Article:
A handful of LIV Golfers, including Reed, Niemann, Gooch and Ancer, must finish in the top 10 this week to be guaranteed a spot in the 2024 Open Championship. Reed’s five-year exemption for winning the 2018 Masters ends this year, and Niemann had an exemption to qualify for the 2022 Tour Championship. Ancer was ranked in the world’s top 50 at the end of May (he’s now 68th), and Gooch qualified by finishing at the top 30th in FedEx Cup points last year.
Of course, a lot could change if the LIV Golf League and the PGA Tour merge before next year’s Open Championship.
There are two sets of brothers on the field this week: Matt Fitzpatrick and his younger brother, Alex, and twins Nicolai and Rasmus Højgaard from Denmark. Alex Fitzpatrick, who played at Wake Forest, made it through the open field to the final qualifiers. Nicolai Højgaard was among the final three qualifiers, tying for sixth at the Scottish Open last week.
The last brothers to compete in the same open championship were Francesco and Edoardo Molinari in St. Andrews in 2015.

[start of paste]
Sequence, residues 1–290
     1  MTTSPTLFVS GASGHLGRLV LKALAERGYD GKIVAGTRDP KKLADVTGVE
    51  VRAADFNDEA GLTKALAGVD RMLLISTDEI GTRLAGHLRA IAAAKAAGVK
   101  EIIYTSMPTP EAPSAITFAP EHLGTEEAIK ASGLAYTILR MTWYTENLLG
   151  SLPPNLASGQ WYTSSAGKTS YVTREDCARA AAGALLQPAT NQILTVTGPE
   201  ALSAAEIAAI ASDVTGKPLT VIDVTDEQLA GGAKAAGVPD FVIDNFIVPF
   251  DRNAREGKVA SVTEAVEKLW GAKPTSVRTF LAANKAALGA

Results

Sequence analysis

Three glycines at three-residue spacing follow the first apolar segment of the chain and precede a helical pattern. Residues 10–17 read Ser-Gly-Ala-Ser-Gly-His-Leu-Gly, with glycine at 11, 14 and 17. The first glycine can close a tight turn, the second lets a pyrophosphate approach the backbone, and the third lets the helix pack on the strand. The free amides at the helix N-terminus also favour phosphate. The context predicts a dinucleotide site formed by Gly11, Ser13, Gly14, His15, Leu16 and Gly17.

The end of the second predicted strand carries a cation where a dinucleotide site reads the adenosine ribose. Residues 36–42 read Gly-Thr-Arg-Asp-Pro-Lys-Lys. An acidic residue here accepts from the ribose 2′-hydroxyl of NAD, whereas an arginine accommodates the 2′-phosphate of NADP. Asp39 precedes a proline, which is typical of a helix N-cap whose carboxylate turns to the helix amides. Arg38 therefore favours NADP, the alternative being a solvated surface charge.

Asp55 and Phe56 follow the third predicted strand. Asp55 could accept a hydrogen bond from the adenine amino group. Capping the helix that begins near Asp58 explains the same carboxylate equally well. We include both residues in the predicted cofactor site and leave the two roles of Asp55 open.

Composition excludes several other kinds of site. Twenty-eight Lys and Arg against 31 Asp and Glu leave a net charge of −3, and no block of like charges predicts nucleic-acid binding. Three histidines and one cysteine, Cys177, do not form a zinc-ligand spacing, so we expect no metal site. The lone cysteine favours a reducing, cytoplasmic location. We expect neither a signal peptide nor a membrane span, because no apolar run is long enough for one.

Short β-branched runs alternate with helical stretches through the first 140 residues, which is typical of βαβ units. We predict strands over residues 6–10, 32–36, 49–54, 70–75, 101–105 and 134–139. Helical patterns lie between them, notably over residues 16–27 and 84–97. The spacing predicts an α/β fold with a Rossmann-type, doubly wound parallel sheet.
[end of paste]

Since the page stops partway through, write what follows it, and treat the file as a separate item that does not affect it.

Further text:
It is believed to be the first time two sets of brothers have competed in the same open championship since 1985, when Spain’s Manuel and Seve Ballesteros and Japan’s Naomichi and Tateo Ozaki competed at Royal St. George’s.
Matt Fitzpatrick, the 2022 US Open champion, said he has offered his brother plenty of advice.
“He came last week to play 18, which I think was helpful, to see the golf course, no stress, no rush; and then I told him to take it easy these next few days, nine holes each day,” Matt said. “I remember talking to my coach, Mike [Walker]about what I need to do in my first Open in 2013, and that’s what he emphasized, is don’t tire yourself.
“And then the other one isn’t just the media, either, just so he can focus, focus on himself and stay far away from you.”
More than anything, Matt said he’s looking forward to sharing the week with his brother. It will be Alex’s first start in a major. “It’s my little brother,” Matt said. “I almost wanted to call Francesco and Edoardo and ask them: ‘How is it? How is the dynamic between you? Is that weird?” People ask, “What would you do if you were in the last group on Sunday? I said, “Well, that would be my worst nightmare, to be honest.”
Players have been greeted by cooler temperatures and spells of rain at Royal Liverpool Golf Club so far this week. On Tuesday morning it was pouring on the course. According to the Met Office’s weekly weather forecast, the forecast for the rest of the week looks to be much the same.